This article originally appeared in the Daily News on Oct. 6, 1982.

Frances Poppa — or “Aunt Fran,” as she is affectionately known — is something of a living legend in South Philadelphia.

Hungry and need a meal? See Aunt Fran. Out in the streets with no place to sleep? See Aunt Fran. Sick and unable to get out of the house? Aunt Fran will come to see you.

But perhaps this chronic Good Samaritan is best known for her unselfish love of children. Legend has it that Aunt Fran, 66, has helped raise over 80 children at some point in their lives. Many of them, Aunt Fran said, were left with her by their mothers, who could not raise them on their own.

Frances Poppa is one of the winners in the Daily News/Century IV Brotherly Love Contest. She and nine others will receive Century IV medallions at a special City Hall ceremony during William Penn Heritage Week (Oct. 23-31).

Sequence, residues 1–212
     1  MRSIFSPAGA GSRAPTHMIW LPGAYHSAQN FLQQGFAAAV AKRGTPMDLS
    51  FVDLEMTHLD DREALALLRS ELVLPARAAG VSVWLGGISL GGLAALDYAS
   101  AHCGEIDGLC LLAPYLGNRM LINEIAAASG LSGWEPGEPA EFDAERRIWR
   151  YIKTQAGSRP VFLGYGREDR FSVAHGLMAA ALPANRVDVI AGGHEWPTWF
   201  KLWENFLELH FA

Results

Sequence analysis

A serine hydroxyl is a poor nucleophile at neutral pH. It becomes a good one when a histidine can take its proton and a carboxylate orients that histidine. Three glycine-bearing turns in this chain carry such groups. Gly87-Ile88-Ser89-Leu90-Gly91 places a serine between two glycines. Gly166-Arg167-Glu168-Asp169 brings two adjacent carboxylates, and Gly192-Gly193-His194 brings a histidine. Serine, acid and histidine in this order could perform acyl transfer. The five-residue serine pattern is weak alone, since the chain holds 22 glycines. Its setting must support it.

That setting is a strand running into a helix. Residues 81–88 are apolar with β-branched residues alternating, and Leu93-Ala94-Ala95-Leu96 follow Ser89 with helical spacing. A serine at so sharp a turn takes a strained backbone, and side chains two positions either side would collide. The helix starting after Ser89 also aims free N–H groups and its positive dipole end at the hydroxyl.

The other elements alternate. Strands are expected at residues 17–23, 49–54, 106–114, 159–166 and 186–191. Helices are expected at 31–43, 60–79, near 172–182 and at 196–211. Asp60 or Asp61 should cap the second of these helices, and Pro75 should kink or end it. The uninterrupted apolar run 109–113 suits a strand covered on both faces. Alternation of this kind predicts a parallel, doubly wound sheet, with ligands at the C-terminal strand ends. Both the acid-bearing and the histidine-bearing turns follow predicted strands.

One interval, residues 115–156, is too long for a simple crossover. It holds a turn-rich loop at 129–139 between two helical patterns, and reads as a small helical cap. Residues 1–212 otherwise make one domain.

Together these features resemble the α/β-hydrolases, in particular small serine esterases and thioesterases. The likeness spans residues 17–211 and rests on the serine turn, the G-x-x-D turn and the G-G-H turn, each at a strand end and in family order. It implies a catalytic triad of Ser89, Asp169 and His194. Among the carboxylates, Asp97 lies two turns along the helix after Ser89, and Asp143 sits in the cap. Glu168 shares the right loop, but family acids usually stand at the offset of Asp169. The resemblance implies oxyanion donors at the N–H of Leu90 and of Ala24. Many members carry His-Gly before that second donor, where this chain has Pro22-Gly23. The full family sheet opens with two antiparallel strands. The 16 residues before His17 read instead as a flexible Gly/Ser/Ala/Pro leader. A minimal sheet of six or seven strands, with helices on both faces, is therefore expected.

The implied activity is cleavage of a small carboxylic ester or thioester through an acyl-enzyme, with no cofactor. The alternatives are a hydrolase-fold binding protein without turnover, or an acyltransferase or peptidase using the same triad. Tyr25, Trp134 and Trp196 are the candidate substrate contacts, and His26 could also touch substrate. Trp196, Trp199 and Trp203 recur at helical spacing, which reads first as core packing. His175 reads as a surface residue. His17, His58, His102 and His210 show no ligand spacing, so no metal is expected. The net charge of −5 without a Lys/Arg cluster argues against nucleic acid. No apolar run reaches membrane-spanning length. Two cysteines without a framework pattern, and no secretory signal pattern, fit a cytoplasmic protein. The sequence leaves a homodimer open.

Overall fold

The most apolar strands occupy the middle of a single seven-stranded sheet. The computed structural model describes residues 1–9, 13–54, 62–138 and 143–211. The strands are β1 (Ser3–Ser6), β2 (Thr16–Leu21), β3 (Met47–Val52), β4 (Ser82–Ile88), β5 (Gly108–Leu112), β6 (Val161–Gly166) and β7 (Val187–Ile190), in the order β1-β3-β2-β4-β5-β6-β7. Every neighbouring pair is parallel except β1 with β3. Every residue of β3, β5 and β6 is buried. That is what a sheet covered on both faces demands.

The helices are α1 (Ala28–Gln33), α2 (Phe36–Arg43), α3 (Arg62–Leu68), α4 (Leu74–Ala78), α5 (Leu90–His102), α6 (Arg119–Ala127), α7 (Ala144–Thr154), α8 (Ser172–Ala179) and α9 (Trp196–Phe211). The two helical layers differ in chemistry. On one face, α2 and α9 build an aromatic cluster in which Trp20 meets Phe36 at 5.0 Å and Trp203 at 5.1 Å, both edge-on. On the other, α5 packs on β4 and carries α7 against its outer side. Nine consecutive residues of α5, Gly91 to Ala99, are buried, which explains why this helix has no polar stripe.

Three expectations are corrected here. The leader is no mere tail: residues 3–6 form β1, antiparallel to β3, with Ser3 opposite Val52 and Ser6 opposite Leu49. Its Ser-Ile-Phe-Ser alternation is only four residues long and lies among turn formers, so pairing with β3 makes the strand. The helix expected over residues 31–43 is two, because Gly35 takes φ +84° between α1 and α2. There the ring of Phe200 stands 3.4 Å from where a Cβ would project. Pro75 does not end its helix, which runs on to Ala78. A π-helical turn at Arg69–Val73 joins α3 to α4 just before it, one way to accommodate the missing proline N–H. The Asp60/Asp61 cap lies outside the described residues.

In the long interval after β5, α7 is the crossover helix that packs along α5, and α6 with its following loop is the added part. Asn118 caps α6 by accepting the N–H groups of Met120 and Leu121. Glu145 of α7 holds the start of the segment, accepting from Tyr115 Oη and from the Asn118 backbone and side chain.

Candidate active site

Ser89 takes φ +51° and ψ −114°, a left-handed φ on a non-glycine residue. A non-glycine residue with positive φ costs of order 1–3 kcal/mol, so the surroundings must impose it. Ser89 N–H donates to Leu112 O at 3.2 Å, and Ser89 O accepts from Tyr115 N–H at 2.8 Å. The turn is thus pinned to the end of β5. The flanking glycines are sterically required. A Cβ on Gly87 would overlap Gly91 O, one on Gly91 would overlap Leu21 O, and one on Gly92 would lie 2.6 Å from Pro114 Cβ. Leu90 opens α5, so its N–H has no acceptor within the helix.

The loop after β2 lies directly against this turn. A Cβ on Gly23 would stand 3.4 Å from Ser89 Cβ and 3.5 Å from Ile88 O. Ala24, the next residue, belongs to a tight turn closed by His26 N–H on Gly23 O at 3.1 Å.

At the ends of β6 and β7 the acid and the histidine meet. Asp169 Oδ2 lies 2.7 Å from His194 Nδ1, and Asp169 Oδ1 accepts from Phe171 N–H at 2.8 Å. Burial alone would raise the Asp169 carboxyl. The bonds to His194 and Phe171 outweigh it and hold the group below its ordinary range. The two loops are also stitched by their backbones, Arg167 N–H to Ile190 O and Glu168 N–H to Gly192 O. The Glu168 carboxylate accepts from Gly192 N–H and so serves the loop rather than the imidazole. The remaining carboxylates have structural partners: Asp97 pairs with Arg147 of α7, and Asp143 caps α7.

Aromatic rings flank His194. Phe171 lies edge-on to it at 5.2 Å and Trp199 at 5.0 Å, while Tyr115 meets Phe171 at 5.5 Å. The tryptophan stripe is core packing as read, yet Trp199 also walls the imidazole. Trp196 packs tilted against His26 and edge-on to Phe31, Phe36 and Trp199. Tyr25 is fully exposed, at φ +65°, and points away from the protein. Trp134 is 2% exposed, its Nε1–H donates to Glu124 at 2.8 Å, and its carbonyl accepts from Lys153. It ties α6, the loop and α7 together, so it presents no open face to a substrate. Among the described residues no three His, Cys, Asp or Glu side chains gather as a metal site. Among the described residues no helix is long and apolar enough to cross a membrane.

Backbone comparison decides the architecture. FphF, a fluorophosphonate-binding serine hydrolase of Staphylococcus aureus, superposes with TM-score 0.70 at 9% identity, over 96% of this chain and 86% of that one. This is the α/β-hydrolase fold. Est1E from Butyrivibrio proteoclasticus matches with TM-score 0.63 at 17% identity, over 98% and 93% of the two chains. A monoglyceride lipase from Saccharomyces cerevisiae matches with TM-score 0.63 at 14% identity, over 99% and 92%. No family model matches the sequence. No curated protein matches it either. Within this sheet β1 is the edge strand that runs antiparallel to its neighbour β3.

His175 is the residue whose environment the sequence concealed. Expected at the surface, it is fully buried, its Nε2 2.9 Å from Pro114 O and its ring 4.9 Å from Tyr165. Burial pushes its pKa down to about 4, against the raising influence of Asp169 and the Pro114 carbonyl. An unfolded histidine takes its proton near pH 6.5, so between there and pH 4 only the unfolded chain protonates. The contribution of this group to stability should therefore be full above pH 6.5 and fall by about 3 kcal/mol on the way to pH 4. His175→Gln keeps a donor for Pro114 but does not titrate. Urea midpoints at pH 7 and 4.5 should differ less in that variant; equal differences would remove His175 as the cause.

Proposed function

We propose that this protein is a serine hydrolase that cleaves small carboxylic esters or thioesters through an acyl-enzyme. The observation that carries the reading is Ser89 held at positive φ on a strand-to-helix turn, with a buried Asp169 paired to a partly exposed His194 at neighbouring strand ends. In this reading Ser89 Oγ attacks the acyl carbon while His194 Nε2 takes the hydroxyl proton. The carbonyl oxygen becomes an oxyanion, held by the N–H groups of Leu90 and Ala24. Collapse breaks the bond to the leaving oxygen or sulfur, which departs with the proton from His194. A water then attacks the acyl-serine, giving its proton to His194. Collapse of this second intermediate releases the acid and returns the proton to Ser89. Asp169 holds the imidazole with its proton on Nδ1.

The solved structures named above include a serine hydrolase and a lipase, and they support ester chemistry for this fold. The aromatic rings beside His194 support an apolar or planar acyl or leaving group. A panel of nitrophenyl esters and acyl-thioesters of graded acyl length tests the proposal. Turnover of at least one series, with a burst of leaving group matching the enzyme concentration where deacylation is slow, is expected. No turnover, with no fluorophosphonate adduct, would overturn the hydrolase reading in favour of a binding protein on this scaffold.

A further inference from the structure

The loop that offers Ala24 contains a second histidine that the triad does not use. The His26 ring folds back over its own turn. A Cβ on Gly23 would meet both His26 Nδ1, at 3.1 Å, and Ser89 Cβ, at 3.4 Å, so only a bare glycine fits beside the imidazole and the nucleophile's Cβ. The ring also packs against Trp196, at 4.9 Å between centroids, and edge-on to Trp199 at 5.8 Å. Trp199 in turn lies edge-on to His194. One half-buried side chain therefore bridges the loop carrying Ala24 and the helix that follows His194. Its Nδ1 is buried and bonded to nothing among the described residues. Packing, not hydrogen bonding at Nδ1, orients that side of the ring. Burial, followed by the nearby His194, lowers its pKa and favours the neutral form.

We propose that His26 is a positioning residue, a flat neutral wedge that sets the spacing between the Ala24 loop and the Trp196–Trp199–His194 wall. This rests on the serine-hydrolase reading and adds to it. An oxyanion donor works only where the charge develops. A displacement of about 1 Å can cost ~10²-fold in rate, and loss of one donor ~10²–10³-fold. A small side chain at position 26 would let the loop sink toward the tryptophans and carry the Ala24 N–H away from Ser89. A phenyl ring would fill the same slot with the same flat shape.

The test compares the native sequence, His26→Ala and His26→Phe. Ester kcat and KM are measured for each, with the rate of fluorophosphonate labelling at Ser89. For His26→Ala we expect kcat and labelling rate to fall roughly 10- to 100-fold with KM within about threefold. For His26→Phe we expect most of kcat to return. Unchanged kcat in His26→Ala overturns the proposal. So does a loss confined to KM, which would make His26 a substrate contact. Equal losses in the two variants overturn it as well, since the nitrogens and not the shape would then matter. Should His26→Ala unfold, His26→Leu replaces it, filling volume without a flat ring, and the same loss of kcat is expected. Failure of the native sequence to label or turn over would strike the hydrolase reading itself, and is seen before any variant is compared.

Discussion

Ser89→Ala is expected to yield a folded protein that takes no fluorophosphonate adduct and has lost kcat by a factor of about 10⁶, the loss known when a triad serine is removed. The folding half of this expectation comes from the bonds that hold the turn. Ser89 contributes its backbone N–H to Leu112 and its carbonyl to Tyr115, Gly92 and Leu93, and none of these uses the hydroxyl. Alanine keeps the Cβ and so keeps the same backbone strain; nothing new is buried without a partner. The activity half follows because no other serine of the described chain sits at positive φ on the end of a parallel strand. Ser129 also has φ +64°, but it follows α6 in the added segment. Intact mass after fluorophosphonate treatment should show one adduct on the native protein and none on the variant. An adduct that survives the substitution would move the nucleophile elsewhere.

“For 20 years, that’s all I did ... take care of people,” Aunt Fran said. " I’d take care of old people, sick people, crazy people. ...

"It started when my husband [John, a bartender] was still alive. Whoever came by, for whatever reason, we would try to take care of them. I don’t have a job. I just take care of people. Whatever the Lord provides, I try to use it to do good.

“I have children all over the country,” Aunt Fran said proudly. " I raised about 80 of them at different times. A lot of them I raised from the time they were babies -- infants."

Two of Aunt Fran’s “adopted” sons — Peter Mennese, 32, and Dennis Aulett, 22 — still share her South Philadelphia rowhouse. The woman said she took them in when they were “less than a year old.”

Aunt Fran said the courts have never given her problems about raising so many children on her own. In fact, she noted, several of the infants have been referred to her through the courts.

“They don’t complain as long as I’m not making any money on it,” Aunt Fran said. “I do it as a personal thing. I pay for everything. I just don’t think that anybody who is needy should have to go wanting.”